Sign up with email

or

Already a member? Log in.

Trouble logging in?

Not a member? Sign up!

“Five years ago, I started to write a cookbook about tripe,” Chef Gareth Storey tells us. “But I realized that I knew nothing about it other than how it was served in France and Italy. I needed to explore more about tripe in different parts of the world.”

It could be said that he’s conducting his research in Portugal. Gareth is originally from Ireland, but is currently the head chef of Antiga Camponesa, in Lisbon. The restaurant is overseen by André Magalhães, of Taberna da Rua das Flores fame. As such, the menu has its roots in Portugal but features occasional influences from the U.K. and Ireland, France and Italy, all places Gareth has eaten and cooked. The menu also features, when he can slot it in, tripe.

In his year in Portugal, Gareth has chased down the country’s two most famous tripe dishes: tripas à moda do Porto, the eponymous city’s dish of white beans braised with tripe and sausages, and dobrada, its Lisbon counterpart.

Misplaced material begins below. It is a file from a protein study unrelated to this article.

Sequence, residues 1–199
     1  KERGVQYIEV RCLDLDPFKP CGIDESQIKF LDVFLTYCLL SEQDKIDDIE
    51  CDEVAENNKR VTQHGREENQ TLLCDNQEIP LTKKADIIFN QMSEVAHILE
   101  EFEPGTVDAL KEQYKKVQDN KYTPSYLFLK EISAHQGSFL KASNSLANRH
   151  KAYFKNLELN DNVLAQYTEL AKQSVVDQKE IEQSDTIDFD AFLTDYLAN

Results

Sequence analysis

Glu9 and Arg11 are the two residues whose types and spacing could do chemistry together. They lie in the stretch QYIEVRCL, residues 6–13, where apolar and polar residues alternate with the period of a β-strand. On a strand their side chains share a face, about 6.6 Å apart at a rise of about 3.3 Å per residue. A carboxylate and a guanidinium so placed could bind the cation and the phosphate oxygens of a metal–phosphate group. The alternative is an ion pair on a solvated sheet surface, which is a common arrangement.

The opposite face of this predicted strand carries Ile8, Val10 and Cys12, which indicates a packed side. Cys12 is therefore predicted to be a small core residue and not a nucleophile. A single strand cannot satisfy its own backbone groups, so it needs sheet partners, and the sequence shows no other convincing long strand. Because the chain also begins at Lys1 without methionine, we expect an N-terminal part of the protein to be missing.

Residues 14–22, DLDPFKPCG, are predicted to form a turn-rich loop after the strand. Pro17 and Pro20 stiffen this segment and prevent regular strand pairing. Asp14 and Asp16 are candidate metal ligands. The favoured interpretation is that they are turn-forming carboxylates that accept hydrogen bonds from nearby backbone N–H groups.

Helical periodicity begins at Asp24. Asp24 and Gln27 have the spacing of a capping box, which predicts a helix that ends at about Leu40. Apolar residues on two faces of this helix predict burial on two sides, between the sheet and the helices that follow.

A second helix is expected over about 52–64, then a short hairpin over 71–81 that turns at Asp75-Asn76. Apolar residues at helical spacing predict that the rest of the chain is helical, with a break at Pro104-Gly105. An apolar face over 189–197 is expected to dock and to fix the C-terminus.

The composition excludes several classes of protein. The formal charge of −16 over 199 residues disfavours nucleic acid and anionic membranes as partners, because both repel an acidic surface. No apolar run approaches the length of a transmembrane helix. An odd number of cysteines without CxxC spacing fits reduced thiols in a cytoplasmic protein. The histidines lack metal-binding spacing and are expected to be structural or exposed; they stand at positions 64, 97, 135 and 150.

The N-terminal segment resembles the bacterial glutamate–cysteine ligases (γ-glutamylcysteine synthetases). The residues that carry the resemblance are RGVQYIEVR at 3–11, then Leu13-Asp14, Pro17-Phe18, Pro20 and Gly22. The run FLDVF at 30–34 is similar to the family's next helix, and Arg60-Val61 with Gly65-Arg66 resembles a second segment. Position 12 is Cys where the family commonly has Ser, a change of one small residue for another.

“I would give credit to Tasca do Gordo,” he tells us, citing the classic Lisbon restaurant – arguably the city’s most famous destination for tripe – as the reference for the dobrada that appears on the menu of Antiga Camponesa this winter.

Although a die-hard tripe fan himself, Gareth acknowledges the ingredient’s divisive nature. Yet he thinks that the Portuguese approach to tripe might be the most user-friendly.

“The tripe isn’t the main ingredient,” he tells us, of dobrada, essentially a bean stew that happens to have tripe. “It’s there to add texture and flavor to the beans and sausage.”

At Antiga Camponesa, Gareth uses tripe from veal raised in Mirandela, in Portugal’s far north. He uses the so-called “honeycomb tripe,” one of the cow’s four stomachs, which has a tender texture that he reckons is ideal for stews and braises.

“For me, it’s visually pleasing as well,” he adds.

To tenderize the tripe, as well as to mitigate any unpleasant aromas, Gareth boils it a total of four times: three boils starting from scratch with cold water and salt, and a final boil with aromatics.